When you take the whole coffee bean and cut it into half, you will increase its total surface area. This results in greatly increased extraction efficiency because there is more surface area for the hot water to act upon, from which to extract all of the flavor components. Now, these halves are further divided into halves, resulting in an increased overall surface area, and again, it helps in an efficient extraction process.
Eventually, you will end up with the perfect grind size that you prefer for your brewing method. This efficiency in extraction also helps in dramatically cutting down the brewing time.
2. Decreased Particle Size
Having a smaller particle size will make the distance from the center significantly shorter. This will not only allow for more efficient extraction, but also for a fuller extraction of the soluble flavors contained within the particle.
Why Should You Not Buy Pre-Ground Coffee?
A full roasted coffee bean is an elegant, protective package that keeps all the coffee oils where you exactly want them, which is inside the bean. As long as you aren’t messing with the coffee beans’ flavor components that are volatile, delicate, and water-soluble, they will remain safe. That said, if the protective shell breaks, then all the bets are off.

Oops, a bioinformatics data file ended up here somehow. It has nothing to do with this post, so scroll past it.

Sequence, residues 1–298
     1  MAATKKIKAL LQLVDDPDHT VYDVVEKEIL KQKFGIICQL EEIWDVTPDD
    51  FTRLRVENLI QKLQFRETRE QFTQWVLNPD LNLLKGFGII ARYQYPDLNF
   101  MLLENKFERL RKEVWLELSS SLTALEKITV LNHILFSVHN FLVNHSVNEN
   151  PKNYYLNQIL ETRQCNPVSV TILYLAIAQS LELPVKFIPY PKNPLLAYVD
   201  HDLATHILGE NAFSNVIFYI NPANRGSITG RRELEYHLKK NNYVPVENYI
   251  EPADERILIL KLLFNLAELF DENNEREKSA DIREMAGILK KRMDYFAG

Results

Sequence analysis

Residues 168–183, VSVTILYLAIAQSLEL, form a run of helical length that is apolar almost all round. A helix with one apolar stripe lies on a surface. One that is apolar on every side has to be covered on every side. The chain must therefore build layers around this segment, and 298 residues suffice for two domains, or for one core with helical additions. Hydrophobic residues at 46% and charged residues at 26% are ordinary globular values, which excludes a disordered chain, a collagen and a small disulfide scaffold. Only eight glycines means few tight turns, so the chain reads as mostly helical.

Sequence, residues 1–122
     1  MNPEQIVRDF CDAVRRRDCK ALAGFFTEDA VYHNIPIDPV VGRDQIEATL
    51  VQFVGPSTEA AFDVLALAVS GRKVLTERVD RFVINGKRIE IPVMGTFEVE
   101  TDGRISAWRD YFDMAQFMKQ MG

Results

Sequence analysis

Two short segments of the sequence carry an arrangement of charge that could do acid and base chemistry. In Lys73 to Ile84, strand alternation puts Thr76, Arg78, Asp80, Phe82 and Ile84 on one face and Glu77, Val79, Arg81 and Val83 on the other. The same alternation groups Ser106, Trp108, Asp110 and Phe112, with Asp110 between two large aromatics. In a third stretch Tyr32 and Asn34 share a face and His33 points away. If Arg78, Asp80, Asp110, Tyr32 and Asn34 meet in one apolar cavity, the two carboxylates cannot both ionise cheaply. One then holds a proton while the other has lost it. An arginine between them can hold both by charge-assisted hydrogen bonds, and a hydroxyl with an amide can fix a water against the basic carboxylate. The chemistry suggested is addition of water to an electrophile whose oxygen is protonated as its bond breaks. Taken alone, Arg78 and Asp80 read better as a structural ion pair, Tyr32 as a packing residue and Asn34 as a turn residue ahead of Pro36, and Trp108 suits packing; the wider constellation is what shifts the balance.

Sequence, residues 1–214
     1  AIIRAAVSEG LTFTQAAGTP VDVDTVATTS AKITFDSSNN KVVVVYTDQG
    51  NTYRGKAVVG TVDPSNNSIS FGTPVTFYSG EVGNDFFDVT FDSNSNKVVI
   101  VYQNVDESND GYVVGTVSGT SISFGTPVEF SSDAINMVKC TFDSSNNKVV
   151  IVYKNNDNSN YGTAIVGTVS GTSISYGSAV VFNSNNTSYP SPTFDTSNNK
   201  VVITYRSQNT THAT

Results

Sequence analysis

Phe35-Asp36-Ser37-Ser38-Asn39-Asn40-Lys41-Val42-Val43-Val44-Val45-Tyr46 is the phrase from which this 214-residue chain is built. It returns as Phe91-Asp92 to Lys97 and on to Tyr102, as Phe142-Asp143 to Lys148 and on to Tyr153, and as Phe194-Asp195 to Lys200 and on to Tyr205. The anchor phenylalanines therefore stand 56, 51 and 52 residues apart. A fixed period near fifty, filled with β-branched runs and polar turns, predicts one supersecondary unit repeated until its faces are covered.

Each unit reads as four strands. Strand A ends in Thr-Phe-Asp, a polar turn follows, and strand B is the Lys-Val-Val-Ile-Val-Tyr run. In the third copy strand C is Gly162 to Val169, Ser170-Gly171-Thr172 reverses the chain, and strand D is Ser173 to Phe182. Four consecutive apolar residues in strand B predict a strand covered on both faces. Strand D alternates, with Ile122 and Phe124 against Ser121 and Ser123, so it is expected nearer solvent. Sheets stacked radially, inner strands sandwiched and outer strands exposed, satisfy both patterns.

Here are the four reasons why you should avoid buying and using pre-ground coffee:
The cells inside the roasted bean contain about a thousand different volatile flavors and aromas. Once ground, these aromas get released right away, and they react with the oxygen in the atmosphere, which causes oxidation. Within just 15 minutes of oxidation, the coffee can lose about 60% or more of its aroma.
The oils in the coffee bean are quite delicate, and this makes them quite easy to get contaminated. Whatever odors are around the ground coffee will easily taint it in ways that will make your coffee tasting experience disappointing.